"Jobs for Medical Research Technologists in South Africa"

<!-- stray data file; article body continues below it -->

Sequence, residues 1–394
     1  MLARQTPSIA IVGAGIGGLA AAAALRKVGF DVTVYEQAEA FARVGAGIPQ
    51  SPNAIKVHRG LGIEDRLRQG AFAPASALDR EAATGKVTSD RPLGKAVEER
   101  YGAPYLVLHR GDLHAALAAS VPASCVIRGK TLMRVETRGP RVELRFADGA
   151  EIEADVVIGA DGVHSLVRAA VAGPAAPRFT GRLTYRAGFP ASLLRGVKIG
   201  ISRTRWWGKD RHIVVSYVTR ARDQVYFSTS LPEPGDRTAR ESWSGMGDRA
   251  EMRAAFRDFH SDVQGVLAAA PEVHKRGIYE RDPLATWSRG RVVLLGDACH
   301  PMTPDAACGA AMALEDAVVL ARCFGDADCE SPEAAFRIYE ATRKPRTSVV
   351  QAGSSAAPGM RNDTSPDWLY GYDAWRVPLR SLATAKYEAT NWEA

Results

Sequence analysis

School of Health and Environment Newsletter March 11, 2009 In This Issue From the Interim Dean Welcome to Dr. Shortie With evidence all around us, the world, as McKinney we know it, is becoming smaller and smaller every day. An independent, Medical Device Company international film "Slumdog Millionaire" Looks First to Clinical Lab about overcoming adversity and making a Graduates and Students better life, just won most of the 2009 Oscars including best film. When I saw it, Student News the theater was full. At the end, everyone enthusiastically clapped because the film Community Health reached out and brought us literally into Educaton Club Raises the minds, hearts and the souls of the Awareness about Global people who lived in a different culture. But Water Shortages we recognized them, knew them well, and were happy that, at least in this story, Workshops Help Utilities their ending was a happy one. Save Energy and Water Last year, one of our graduates, Gerald Martone, Class of 1979, Clinical New Book "Environment Laboratory Sciences, was the first SHE alumni to receive an Honorary Unions" by Craig Slatin Degree at the 2008 Commencement for his distinguished work with the Released International Rescue Committee in humanitarian emergency medical relief work, literally around the world. His resume reads as a world affairs list Ellenbecker and Tsai of medical crises brought on by natural disasters, war, and famine. His Collaborate on work has improved the lives of literally hundreds of thousands of people. Nanoparticle Research with Taiwan Colleagues More recently, we had a group of undergraduate nursing students with their Visiting Asst. Professors Valerie King and Miki Patterson, form an Nanoparticle Research on organization this past fall, Nursing Students Without Borders. Raising Track money for medical supplies and paying their own way, they extended a helping hand literally across the ocean to another continent over the Chancellor Meehan Visits semester break to help those in need in Ghana. Their stories about the Sim Family effects this trip had on them are powerful. Hutton's Best and Worst Interest in international education programs continues to increase. In the Day in Ghana, Africa last few months, we have had visitors from Hokkaido University and Kobe Tokiwa University in Japan due to interest in establishing exchange SHE Faculty Attend Good programs. Asst. Prof. Dhimiter Bello has recently represented SHE Jobs Green Jobs programs at Tsinghua University in China while Prof. Susan Woskie arranged for a new SHE partnership with Mahidol University in Bangkok, Conference Thailand. Through our online teaching programs, we have international Estabrook Travels to Niger students in our classes all year bringing a different perspective to the "classroom" that enriches the experience for everyone. Conference Targets Job Stress The city of Lowell, Massachusetts has always had an international flair as immigrants from around the world have settled here. In the past, there Woskie Presents at were people coming from various European countries, then Southeast National Nano Workshop Asia and India. Now, people from different countries in Central and South America as well as Africa are settling in this area. As they come to our New Report Finds University as students to reach the American Dream through education, Brazilians at High Risk we enrich each others lives. We get to know them well and work with them, so that their ending will also be a happy one. Work Injury Survey of 10,000 Vietnamese "Jai Ho" (Victory to Thee), Published Physical Therapy Student Kay Doyle Interim Dean Awarded $1,000 Grant for School of Health and Environment Obesity Program University of Massachusetts Lowell TURI Helps Small Businesses Go Green Student Exchange Discussion with Kobe Tokiwa University SHE Representatives Participate on UMass Lowell 2020 President's Cancer Panel Reports Available Faculty and Staff News Welcome to Dr. Shortie McKinney On behalf of the faculty, staff and students in the School of Health and Environment, I would like to welcome Dr. Shortie McKinney who will start as the School's new Dean on June 1, 2009. Dr. McKinney has extensive experience in education, administration, and research as well as an outstanding record in extramural funding. We all look forward to working with her to advance the mission and the goals of the School. For more information about Dr. McKinney, read the eNews article. Kay Doyle Medical Device Company Looks First to Clinical Lab Graduates to Fill Job Openings ESA Biosciences, a medical device company located in Chelmsford, turns to the Clinical Laboratory Sciences/Medical Technology Program when staffing. Medical Technologists Cheryl Callahan, Class of 82, on left, and Devon Carlson, Class of 2007 and 2008, right, are members of ESA's product support team. Kathy Kotlarz, center, a senior Clinical Laboratory Sciences student, has joined the team as an intern this semester. The quality of students produced by the School of Health and Environment led ESA Biosciences to establish an internship program with the Clinical Laboratory Science program. This allows students the opportunity of industry experience while ESA benefits from the talent and fresh perspectives of the students. "We are very pleased with the high level of quality of graduates that come from the UMass Lowell's Medical Technology and Clinical Laboratory Sciences Programs. Not only do we get valuable contributions from the students during their internships with us, this is the first place we look to fill our new openings," says Robb Morse, Sales and Marketing Manager of the Blood Lead Products Division at ESA Biosciences. The company that manufactures a medical device that accurately measures blood lead levels in children sought individuals with a strong understanding of laboratory quality control and analytical troubleshooting who would be able to install the instruments and effectively train individuals at various medical sites. Student News Junior Nursing students Renee Glennon, Lauren O'Keefe, and Jody Roper, received the Nashoba Valley Community Healthcare Fund Scholarship Award for 2009. This award is made to non-traditional or second degree students who live or work in the Nashoba Region and are studying in fields with a shortage of medical personnel. Nursing Students Without Borders: Some of the senior Nursing students who traveled to Ghana, Africa in January were featured in their local newspapers: Maggie Murphy, Andover Townsman Ashley Hoefer, Tewksbury Town Crier Brianna Norton, Chelmsford Independent All, Boston Globe, Northwest Section Physical Therapy doctoral candidates Rachel Blakeslee, left, and Pella Anderson evaluated the ergonomics of employee workstations. Read the ENews article and their 10 tips for a proper workstation set up. Community Health Education Club Raises Awareness about Global Water Shortages The Community Health Education Club sponsored an event to raise campus awareness about the growing global crisis of shortages of clean drinking water. They invited Ali Denosky- Smart, Major Gifts Officer of Corporate Accountability International (CAI), to make a campus presentation about the topic and to show the movie FLOW--For The Love of Water which was distributed to theaters this past Fall and is now available on DVD. From left Ali Denosky-Smart (CAI), Community Health Education leaders: Alicia Rogers,Thais Baiao, Haley Catarius, Gillian Murphy (front). Approximately 40 students, and some faculty and staff, attended the event. The club members advertised the event, encouraged some faculty in the SHE and the College of Arts and Sciences to give extra credits to students who attended, and arranged with ARAMARK to provide free food. They engaged students in a lively discussion after the movie was shown. Since 1977, Corporate Accountability International (formerly Infact) has waged--and won-- campaigns that challenge irresponsible and dangerous actions by corporate giants. Its most current campaign highlights the ways in which the actions of water management and distribution corporations and several major beverage manufacturers threaten global public health by exacerbating the global clean water shortage crisis. The campaign "Think Outside the Bottle" works to inform the public and support local control of water supplies. The Community Health Education Club has decided to work with CAI on a campaign to encourage the campus community to stop using bottled water. They are already starting discussions with ARAMARK and are planning activities to raise campus awareness about the environmental health issue. Workshops Help Utilities Save Energy and Water The Lowell Center for Sustainable Production's Environmental Management System (EMS) Service Program has been helping water and wastewater utilities apply the 'Plan-Do-Check-Act' management system approach to improve their energy management. Participating in the workshop at UMass Lowell were (left to right): Andy Kricun, Camden County, NJ Municipal Utilities Authority; Jim Horne, EPA Office of Water; Anne Leiby, EPA Region 1; Gina Snyder, EPA Region 1; Mark Young, Lowell Regional Wastewater Utility; Faith Leavitt, Global Environment & Technology Foundation; Madeline Snow, UMass Lowell; Shreya Vyas, UML graduate student; Heidi O'Brien; Bob Bois, Town of Natick. Eight workshops for utilities were held across the country on using the 'Plan-Do-Check-Act' approach to reduce energy use and increase the use of renewable sources of energy. Funded by EPA's Office of Wastewater Management and the Global Environment & Technology Foundation, Madeline Snow first co-developed Ensuring a Sustainable Future: An Energy Management Guidebook for Wastewater and Water Utilities to help utilities assess their energy "footprint," identify opportunities to use energy more efficiently, establish energy efficiency goals, monitor and measure progress toward these goals, and develop a comprehensive energy management plan. Follow up to the UMass Lowell workshop has included additional work with EPA Region 1, MassDEP, and Massachusetts water and wastewater utilities. A portion of this work has involved assistance by graduate student Patrick Retelle, under the direction of Prof. John Duffy, Coordinator of the Solar Engineering Graduate Program, to develop feasibility studies for renewable energy at the water facilities in the Towns of Spencer and Chelmsford. New Book "Environmental Unions" by Craig Slatin Released Environmental Unions: Labor and the Superfund, by Craig Slatin was just released. Published by Baywood Publishing as part of its Work, Health and Environment Series, the book provides a historical analysis of the U.S. Superfund Worker Training Program, a twenty-two year national worker health education intervention. The book explores how organized labor came to establish a highly successful health and safety training program for workers engaged in hazardous waste operations and emergency response to hazardous materials incidents. Slatin provides a history of labor's success on the coattails of the environmental movement and in the middle of a rightward shift in American politics. Case studies present the health and safety training programs of two labor unions in the national health and safety training grant program "Worker Education and Training Program" - the Oil, Chemical, and Atomic Workers and the Laborers' Union. Despite different histories and sectors, Slatin shows how the political economy of the work environment led to unexpected similarities between the programs. Slatin's analysis calls for a critical survey of the social and political tasks facing those concerned about worker and community health and environmental protection in order to make a transition toward just and sustainable production. It builds on UMass Lowell's longstanding experience as the directing base of The New England Consortium, one of the Worker Education and Training Program awardee organizations. Based on empirical evidence, the book provides examples that can inform new efforts to create a green economy and make a transition toward sustainable development built on a foundation of public health. Ellenbecker and Tsai Collaborate with Taiwan Colleagues on Nanoparticle Research Prof. of Work Environment Michael Ellenbecker and Postdoctoral Researcher Candace Tsai have been invited to return to Taiwan in April to give several presentations on the evaluation and control of worker exposure to nanoparticles, research funded by the Center for High-rate Nanomanufacturing (CHN). Ellenbecker will give the plenary speech, entitled "Occupational Health Implications when Working with Engineered Nanoparticles," at the 2009 Conference of the Occupational Hygiene Association of Taiwan, Taichung, Taiwan, April 25-26, 2009. Tsai will lead a roundtable discussion and present a seminar on nanoparticle exposure assessment. "Because of considerable activity in manufacturing of nanoparticles in Taiwan and concern over the possible toxicity of some nanoparticles, our counterparts in Taiwan are extremely interested in controlling exposures to nanoparticles," says Ellenbecker. As an example of the concern, Tsai, who is leading CHN's efforts to evaluate and control nanoparticle exposures, mentioned carbon nanotubes, which are finding many new uses and thus are being manufactured in larger and larger quantities. "Carbon nanotubes are long and thin, like human hairs, but their diameter is one-thousand times smaller so their presence in the air is very difficult to measure and control. Recent research has suggested that they may have toxicity similar to asbestos, another fiber-shaped particle," says Tsai. In addition to the presentations, Ellenbecker and Tsai will meet with colleagues to discuss cooperative research on new fume hood designs to control nanoparticle exposures. They will also discuss a possible joint epidemiological study of workers manufacturing carbon nanotubes at the Taiwan Facilities Center with UMass Lowell's CHN, the Taiwan Institute on Occupational Safety and Health, and the National Chaio Tung University. "This is a good collaborative working relationship because we are learning about their industrial use of nanoparticles, and they are learning about exposure monitoring from us," says Ellenbecker. Nanoparticle Project on Track Asst. Prof. Susan He in Clinical Lab and Nutritional Sciences and her students detected the antibacterial function of two types of nanoparticles. This research is important to the development of an antibacterial drug and a biosensor as well as to further understand the environmental impacts of nanoparticles on cells. This research is funded by a $12,000 seed grant from the Nano-Manufacturing Center. He has built collaborations with several faculty members at the UMass Lowell Nano-Manufacturing Center and the UMass Medical School. She is submitting a National Science Foundation collaborative proposal to continue the research. In photo from left: Principal Investigator Guixin He, Doctoral Student Chupei Zhang and students Michael Landry and Conner Thorpe. Chancellor Meehan Visits Sim Family in New Home During a tour of Weed Hall to see the renovated laboratories and offices, Chancellor Meehan visited the new Patient Simulation Laboratory that includes SimMan, right, and a new addition, SimBaby, below. SHE Interim Dean Kay Doyle hosted the tour for staff and faculty as well as administration including the Chancellor, Provost Ahmed Abdelal, Vice Provost Donald Pierson, Exec. Vice Chancellor Jacqueline Moloney, and Interim Chief of Information and Facilities Tom Costello. Assoc. Prof. of Nursing Jacqueline Dowling recently received the second $48,000 Grant for the SimBaby Patient Simulator from the Massachusetts Department of Higher Education's Nursing and Allied Health Education Initiative. Lowell General Hospital, a partner on the grant, donated equipment for the new Sim Lab in the Weed Hall basement. Soon, the new Sim Lab will be outfitted with a two-way mirror and video taping capabilities to evaluate students' performance. Interim SHE Dean Kay Doyle, Director of Nursing Laboratories Joanne Dupuis, and Linda Kilbride, Clinical Labs Alumna and Laboratory Manager at Saints Memorial Hospital with SimBaby, the new addition to the patient simulation laboratory for teaching nursing students the unique way to care for infants. Hutton's Best and Worst Day in Ghana, Africa Bringing a Ghanaian woman to the hospital for ulcer pain, staying with her for more than 4 hours, and paying for her medication, gave Katie Hutton - one of 11 UMass Lowell nursing students who traveled to Ghana, Africa during the January break - more satisfaction than she's every felt in her life. But while waiting in the hospital emergency room, Hutton witnessed a man die and then be pushed to the side where he laid uncovered for hours. "It was more than I could bear," she said. "I felt so sad for the family who had to leave to get a blanket to cover him." Her experiences in Ghana proved to be both happy and sad. In the end though she believes she's a stronger person and future nurse. She talks about the warmth of the Ghanaian people, what she'll take to her role as a nurse, and what future Nursing Students Without Borders members should know. What were the Ghanaian people like? The Ghanaian people were absolutely amazing. They were kind, welcoming, and very excited to see us. Many would not approach us until we made contact with them, but once we did, everyone smiled, said hello, and told us we were welcome. The children were amazing with their bright smiles and beautiful faces. Everywhere we went the children flocked to us, touching our hair and skin. Every morning when we walked outside, every child would yell out yovu (I don't know how to spell it but it means white lady in Awa) and welcomed us. They just make us feel safe, welcome, and a part of the community. How do you think this experience will effect how you perform as a nurse here in the U.S.? Teaching is a major part of what a nurse does. Teaching the people of Ghana gave me the tools and experience to teach anyone about health prevention and promotion. We had to find the most basic ways of explaining our teachings so that they could understand. What is your message to future Nursing Students Without Borders members? My message is to go to Ghana with an open mind. The kind of work you will be doing will be very basic teachings than we learn here in the U.S. at a very young age. You might have to teach people how to brush their teeth, how to wash their hands, and how to sneeze and cough into their elbows. You will not be doing ER-style life saving treatments, but your presence there is going to touch many lives. You may help only one person or you may help many, just remember that any work you do will be helping the people of this developing country live longer, healthier lives. SHE Faculty Attend Good Jobs Green Jobs Conference The second annual Good Jobs Green Jobs conference attended by Assoc. Prof Craig Slatin and Prof. Ken Geiser was organized to bring advocates of a green economy together from across the U.S. and Canada. The goal was to learn how to build a successful movement to make the transition from a polluting and unjust economy to a green and democratic economy. Finding common ground between labor, environmentalists, corporations, government, and human rights and justice groups presents serious challenges. Yet representatives from all groups were eager to use the conference to dig in and find ways to get the movement on track to prevent the worst outcomes of global warming, environmental pollution, unfair trade regimes, and an economy that accepts poverty for a huge proportion of the world's population. Craig Slatin, left, and Ken Geiser, attended the 2nd national annual Good Jobs/Green Jobs conference in Washington, D.C. in February. Many young people and environmental justice organizations attended the event. Green For All, an Oakland, California organization advocating for a green economy presented a rap video about the ways that a focus on health, environment, and ending poverty can empower young people and change our cities. The video can be viewed on YouTube. The School of Health an Environment contributes to green jobs from the work of the Lowell Center for Sustainable Production, the Center for Health Promotion and Research, and the Toxics Use Reduction Institute. New Solutions, A Journal of Environmental and Occupational Health Policy, has been selected by the conference organizers to publish much of the conference proceedings. The journal was started in 1990 by Professor Charles Levenstein (now Professor Emeritus) of the Department of Work Environment. New Solutions is now edited by SHE professors Craig Slatin and Eduardo Siqueira, along with Beth Rosenberg, a Work Environment alumna who is an Assistant Professor in the Department of Public Health and Family Medicine at Tufts University School of Medicine. The Green Jobs issue will be published in the latter half of this year. Estabrook Travels to Niger to Help Fix Nuclear Weapons Testing Detection Gear Tom Estabrook took a brief break in January from his duties as lead educator at The New England Consortium and adjunct professor in the Department of Community Health and Sustainability to travel to Niger. Estabrook accompanied his brother, a seismologist, and a team from the United Nations Comprehensive Test Ban Treaty Organization (CTBTO) charged with maintaining seismic stations in a rural area of western Niger, in the Sahel region just south of the Sahara Desert. United Nations and University of Niamey technicians fix problems at a seismic station near Torodi, Niger. Based in Vienna, Austria, the CTBTO has established a global network of earthquake monitoring stations to detect nuclear weapons testing anywhere in the world and ensure compliance with the Test Ban Treaty. The team included scientists from Vienna and the station crew from the University of Niamey's Institute for Radioisotopes. They traveled back and forth within the cluster of sixteen seismic stations situated amongst many small villages of the Fulani society, a pastoral people who raise millet, sheep, goats, and cattle for a living. The technical team fixed problems at the stations, such as mice chewing through cables, malfunctioning seismic sensors, and moisture damage to equipment in the housing around the sensors. At each station the team was joined by curious Fulani villagers, particularly children. Several of the villagers served as watchmen over the installations. The villagers have become accustomed to the frequent visits by station technicians, since the stations were operational in 2005. When asked by villagers what the stations are for, Salifou, the head station operator, invariably tells them that they are for global peace. Estabrook took in the many challenges facing this struggling country of 13 million people, including poverty and underdevelopment, a high illiteracy rate, and a weak health care system. But he was also moved by the resilience and pride of the Nigerien people. "There is much to be hopeful about, particularly a vibrant, but contentious, economic development process, a small but highly visible and growing middle class, a rising democratic political system after years of turmoil, and economic solidarity within francophone central and western Africa," he noted. Conference Targets Job Stress Public health professionals gathered in Worcester in January to learn how to address stress in their disease prevention programs as part of an annual educational conference of the Partnership for a Heart Health, Stroke-Free MA. "Stress, the Forgotten Risk Factor: Public Health Strategies for Prevention in Healthcare, Worksites, and the Community" drew a diverse audience of 160 health care providers, social workers, and program managers. Keynote speaker Peter Schnall (left), an internationally recognized job stress expert from U.C. Irvine and new advisor to the UMass Lowell Center for the Promotion of Health in the New England Workplace (CPH-NEW), described the role of work stressors in producing high blood pressure at work and the implications for heart disease. Department of Work Environment Professor Robert Karasek provided opening remarks and introduced Dr. Schnall as long time friend and colleague. According to Dr. Schnall, a 3-pronged approach is needed for prevention: routine screening of blood pressure and other CVD risk factors at work, incorporating occupational history in routine cardiac work-ups, and integrating work stressor reduction into health promotion and ergonomics programs. In a follow up workshop, Green Mountain Coffee Roasters, Inc. V.P. for Human Resources, Kathryn Brooks, presented the Company's healthy workplace policies and programs as a case-study in how to design a positive psychosocial work environment. Reflecting on UMass Lowell's co-sponsorship of the conference, CPH-NEW Co-Director Laura Punnett said, "This conference was an excellent opportunity to build new knowledge and awareness for health professionals about the impacts of work stressors on disease development. Now more than ever it's critical to broaden workplace health promotion strategies to include a focus on job related stressors." Woskie Presents at National Nano Workshop Work Environment Prof. Susan Woskie spoke at the National Nanotechnology Initiative Workshop on Human and Environmental Assessment of Exposure to Nanomaterials in Washington, DC in February. The workshop included presentations on the state-of-the-science, followed by workshops to define research needs, opportunities, obstacles and gaps with an aim of producing the applied research needed to enable this promising technology to continue to move forward with minimal risk. Woskie delivered the keynote talk on "Understanding workplace processes and factors that determine exposure to nanomaterials." In FY 2009, the National Nanotechnology Initiative has requested $75 million for the primary purpose of understanding and addressing potential risks of nanotechnology to the health and the environment. The presentations, discussions, and comments provided at this meeting will be summarized into a public document that identifies gaps and priorities for environmental, health and safety research. New Report Finds Brazilians at High Risk on the Job Brazilian immigrants in the Commonwealth are at high risk of injury, illness and death, according to a new report released by UMass Lowell. The report "Brazilian Immigrant Workers in Massachusetts" highlighted the occupational health risks associated with Brazilian immigrant worker exposures to toxic chemical products in cleaning jobs and lead in the construction trades. It revealed that lead poisoning may be a prevalent problem among Brazilian construction workers - especially painters - and recommends increased lead awareness training as a preventative strategy to reduce lead exposure. "Due to a lack of training and safety measures, Brazilian workers in construction, housecleaning, food, and restaurant jobs are unfortunately at a high risk as a result of the work they do," says Carlos Eduardo Siqueira, Asst. Prof. of Community Health and Sustainability and author and principal investigator of the research project "Collaboration for Better Work Environment for Brazilians." in the News: Metro West, High lead levels in painters' blood Work Injury Survey of 10,000 Vietnamese Published Rates Ten Times Higher Than Expected Helen Marucci-Wellman, a doctoral candidate in Work Environment, has recently published findings from her doctoral dissertation based on a year- long study of work-related injury in a commune in Vietnam. Prof. David Kriebel, Helen Marucci-Wellman, Vietnamese team member Tran Hai Yen, Adjunct Professor Tom Leamon, and Prof. David Wegman. The paper, published in the January issue of the International Journal of Occupational and Environmental Health, was co-authored with UMass Lowell Professors David Wegman and David Kriebel, Adjunct Professor Tom Leamon, and Vietnamese colleagues Ta Thi Tuyet Binh and Nguyen Bich Diep. A research scientist at the Liberty-Mutual Research Institute for Safety in Hopkinton MA that provided support for the study, Marucci-Wellman organized a house-by-house survey of nearly all 2,600 households in the commune of Xuân Tiên, a rapidly-industrializing rural community located about 80 miles southeast of Hanoi. Community health volunteers were recruited and trained to administer surveys to gather data on every injury that occurred among all 10,000 residents of the commune over a one-year period. Marucci-Wellman and her team found a rate of work-related injury that was about ten times higher than previous estimates. These high injury rates represent a substantial economic and social burden on a rapidly industrializing country, underscoring the importance of injury prevention. To complete this study, Marucci-Wellman made numerous trips to Vietnam to direct the work of more than 70 researchers. She has been frequently called on to brief senior Vietnamese government officials including the Chairman of the National Economic and Budgetary Committee, Nguyen Duc Kien. "It's a privilege to lead the injury burden study in Vietnam. Rarely, does one get the opportunity to affect real lives - real people - real societies, and yet this is exactly what we're doing in Vietnam," says Marucci-Wellman. The results of the study have been shared with Vietnamese government partners, and Marucci- Wellman is working with several levels of the public health system to develop ongoing surveillance and prevention programs. Physical Therapy Student Awarded a $1,000 Grant for Fight Obesity Program Graduate Physical Therapy student Amanda Royce Tolland won the 2009 Carter Academic-Service Entrepreneur Award for Campus-community Collaboration. Amanda wrote a compelling application and was awarded $1,000 to implement her vision for campus partnerships. To fight obesity, Royce Tolland and partners will develop "Lowell Community in Motion," an hour- long curriculum that will improve physical activity and nutrition in daily lives. Royce Tolland will work with student Lauren Mistretta, Asst. Prof. of Physical Therapy Deirdra Murphy and the Lowell Community Health Center community educators to pilot the program that will be interactive for participants. It will include take home strategies that can be integrated into daily activities. The project team will engage in partnerships with local community agencies and faith-based organizations, provide knowledge at an individual level, and create interest and support and expand the Lowell Community Health Center wellness programs. TURI Helps Small Businesses Go Green At a recent workshop sponsored by the Small Business Administration, TURI Senior Associate Director Janet Clark stressed that reducing toxics doesn't just benefit larger companies. In attendance were bank loan officers who support capital requests from companies with good business ideas. "We're working with smaller companies like dry cleaners and cleaning product manufacturers to find safer alternatives," says Clark. "The concept can be applied to any sized company." While large Massachusetts companies have been implementing Toxics Use Reduction techniques for 20 years, the same techniques such as substituting materials and changing processes can be used by any company. Small companies may use paints, solvents, oils, greases, inks, cleaning materials, flame retardants, or other materials. They may need to pay chemical fees or report usage to state or federal agencies as well as worry about worker and environmental safety. "Greener alternatives can usually be found. It's not always easy but with the increase in demand for safer materials from everyone from consumers to companies, substitutes are more available," says Clark. There are good business reasons for reducing toxics. Companies usually save money by eliminating chemical fees and hazardous waste disposal costs. And in today's more environmentally aware society, companies also benefit from a marketing perspective. Clark cited recent small company examples where safer alternatives are available--water-based technology to replace the cancer-causing chemical perchloroethylene used in dry cleaning; safer industrial cleaning products for makers of engine components and solar panels; and greener fire retardants for wire and cable and plastic equipment. Student Exchange Discussion with Kobe Tokiwa University Hideo Sakamoto, Professor of Medical Technology at Kobe Tokiwa University, Japan (left), visited with SHE Interim Dean Kay Doyle (middle) and Nursing Chair Karen Devereaux Melillo to discuss an exchange program for students. Sakamoto was interested in the UMass Lowell Medical Technology and Clinical Pathology Graduate Certificate Programs. Melillo discussed the possibility of Kobe Tokiwa students attending the Ph.D. Nursing Program. UMass Lowell Prof. Krishna Vedula (right) who was named by the Provosot as special assistant for international partnerships, attended the meetings. He is charged with providing leadership for strengthening the University's collaborative efforts with international institutions and enhancing opportunities for students to learn and work in other cultures as part of preparing globally competent graduates. SHE Representatives Participate on UMass Lowell 2020 Strategic Planning The following SHE representatives will work on the UMass Lowell 2020 committees that will assess the University's current academic, research, partnership, fiscal, and physical plant status and recommend strategies to improve the campus's achievement, reputation and rankings across these areas: Lisa Abdallah, Sean Collins, Jacqueline Dowling, Kay Doyle, Ken Geiser, Nicole Champagne, Deirdra Murphy, Laura Punnett, Eugene Rogers, Bryan Buchholz, Susan Houde, and Thomas Wilson. In the fall, the entire campus will be invited to open house meetings to hear the recommendations and provide comment on the University's next generation strategic plan that will provide a blueprint for how the campus will achieve national and international recognition as a world-class institution over the next decade. President's Cancer Panel Reports Available The Lowell Center for Sustainable Production prepared four reports about the state of the evidence on chemicals linked to cancer for testimonies to the President's Cancer Panel. The four reports call for a comprehensive cancer prevention agenda that includes more prevention-oriented research, programs and policies associated with these risk factors. The President's Cancer Panel's final report to the President Obama summarizing findings and recommendations is expected in early fall 2009. Molly Jacobs, Project Manager in the Lowell Center and Richard Clapp, Adjunct Professor, worked in partnership with the Collaborative on Health and the Environment, Breast Cancer Fund and the Science & Environmental Health Network to develop the facts sheets focused on each of the four President's Cancer Panel meeting topics. Industrial Carcinogens: A Need for Action Air and Water Pollutants: A Need for Action Agriculture and Cancer: A Need for Action Radiation and Cancer: A Need for Action Faculty and Staff News Publications Virji, MA; Woskie, SR.; Pepper, LD. Task-Based Lead Exposures and Work Site Characteristics of Bridge Surface Preparation and Painting Contractors, Journal of Occupational and Environmental Hygiene 6(2), 99-112 (2009), Tak S; Paquet V; Woskie S; Buchholz B; Punnett L: Variability in risk factors for knee injury in construction, Journal of Occupational and Environmental Hygiene 6(2), 113-20 (2009), Virji, MA; Woskie, SR.; Pepper, L D. Skin and Surface Lead Contamination, Hygiene Programs, and Work Practices of Bridge Surface Preparation and Painting Contractors, Journal of Occupational and Environmental Hygiene 6(2), 131-142. (2009), Shepherd, S.; Woskie, S. R.; Holcroft, C.; Ellenbecker, M. Reducing Silica and Dust Exposures in Construction During Use of Powered Concrete-Cutting Hand Tools: Efficacy of Local Exhaust Ventilation on Hammer Drills, Journal of Occupational and Environmental Hygiene , 6(1), 42-51 (2009). Remington, R., Chan, A., Shea, T. B. (2009). Efficacy of a vitamin/neutriceutical formulation for moderate to late Alzheimer's disease: A placebo-controlled pilot study. American Journal of Alzheimer's Disease & Other Dementias. doi 10.1177/1533317508325094 Chan, A., Paskavitz, J., Remington, R., Rasmussen, S., & Shea, T. B. (2009). Efficacy of a vitamin/nutriceutical. Formulation for early-stage Alzheimer's disease: A one-year, open- label pilot study with a 16-month caregiver extension. American Journal of Alzheimer's Disease & Other Dementias, 23, 571-585. Abdallah, L., Remington, R., Houde, S., Zhan, L., & Melillo, K.D. (2009). Dehydration reduction in community-dwelling older adults: Perspectives of community health care providers. Research in Gerontological Nursing, 2(1), 49-57. Peer Reviewed Abstracts 2009 Hillier A, Murphy DA. Reduction in Salivary Cortisol Following Physical Exercise and Relaxation among Adolescents and Young Adults on the Autism Spectrum. International Meeting for Autism Research, Chicago, IL May 7-9th, 2009 Presentations Murphy DA, Ferrara CM. Promoting Health on a College Campus: The Physical Therapist's Role. Combined Sections Meeting of the American Physical Therapy Association. Las Vegas, Nevada, February 9-12, 2009. Melillo, K.D., Dowling, J., Abdallah, L., Findeisen, M., Knight, P. The New England Regional Minority Health Committee (NERMHC) chose the Abstract, Bring Diversity to Nursing for a workshop at the 6th New England Regional Minority Health Conference Eliminating Racial and Ethnic Health Disparities by 2010, From Disparities to Equity: The Power to Make Change. The conference will be held at the Westin Hotel in Providence, Rhode Island on October 14, 15 and 16, 2009. Phillips McEnany, G (January 2009). Issues in sleep regulation in psychiatric illness: Concerns for nursing practice and research. McLean Hospital Nursing Research Day, Belmont Massachusetts. Phillips McEnany, G (January 2009). Methodologic issues in sleep research. University of Massachusetts Worcester PhD Nursing Colloquium. Phillips McEnany, G (February 2009). How about your sleep? Let's talk about sleep and health. Community education presentation made to the senior community at Orchard Cove. Canton, Massachusetts. 2009 Abdallah, L. (January 20th) The Significance of Dehydration in the Elderly. Invited speaker for Nursing Research Rounds at Bedford VA Memorial Hospital, Bedford Massachusetts. Prof. Garry Handelman gave a lecture at the 11th International Conference on Dialysis, Las Vegas, Jan, 2009, Bacterial DNA in water and dialysate: detection and significance for patient outcomes. He also chaired the session New strategies for management of anemia and fluid volumes in renal disease. Report and Presentation TURI Policy Analyst Rachel Massey presented, and co-wrote, the report Toxic Substances in Articles at the International Workshop on Chemicals in Articles, sponsored by the UN Environment Programme, held in Geneva, Switzerland, in February. Grant Funding The New York Community Trust awarded the Lowell Center for Sustainable Production (Assoc. Prof. Joel Tickner and Researcher Sally Edwards) a $150,000, two-year grant for Engaging Pro-Active Industry in Advancing Safer Chemicals and Products. The goals of the project are to: 1) Expand Lowell Center efforts to engage industry in transitioning towards green chemistry and design for environment. 2) Advance a stakeholder dialogue in the children's product sector to promote sustainable product design and development. Prof. Garry Handelman of Clinical Lab Sciences and Nutrition and Assoc. Prof. Jim Lee of Community Health, jointly with Assoc. Prof. Lori Pbert of UMass Medical School have been awarded a $200,000 grant from the UMass Life Sciences Moment Fund. The grant funds the project, A Community Partnership for Prevention of Type-2-Diabetes in Youth at High Risk, which will be conducted with the Lowell Community Health Center and the Boys and Girls Club of Greater Lowell. New Staff Member Ann Bratton joined the Physical Therapy and Exercise Physiology Program as Program Administrator. She works directly with undergraduate and graduate students through recruitment, retention and advising. She assists in the development and coordination of exercise practicum experiences and with program assessment and development. Previously, Mrs. Bratton worked in the Admissions office and as the Coordinator of Administrative Services in the Provost's Office of Academic Affairs. Interested in advising and retention, her Regional Economic and Social Development masters project was on the effects of advising academically at risk students and the impact on retention. Appointments Asst. Prof. of Nursing Annette McDonough was appointed external faculty nurse scientist by Dorothy Jones PhD, RN FAAN, director of the Yvonne L. Munn Center for Research and Guardia Banister, PhD, RN, executive director of the Institute for Patient Care Nursing, both at Massachusetts General Hospital. This appointment will allow her opportunities to advance her own program of research, access to diverse patient populations, potential to mentor and engage doctorally-prepared nurses and staff in clinical research, and expand her research activities with members of an interdisciplinary health care team. Asst. Prof. of Nursing Peggy Knight has been appointed to the Human Rights Committee at the Whittier Pavilion in Lawrence. Pauline Beaulieu of Nursing has been appointed a board member of the Lowell General Hospital Auxiliary that develops programs and relationships in the community to encourage financial support for Lowell General Hospital. The Auxiliary generates more than $100,000 annually through events such as the "Taste of the Town," book fairs, holiday gift fairs, Daffodils & Desserts, and the ongoing operations of The Lowell General Gift Shop.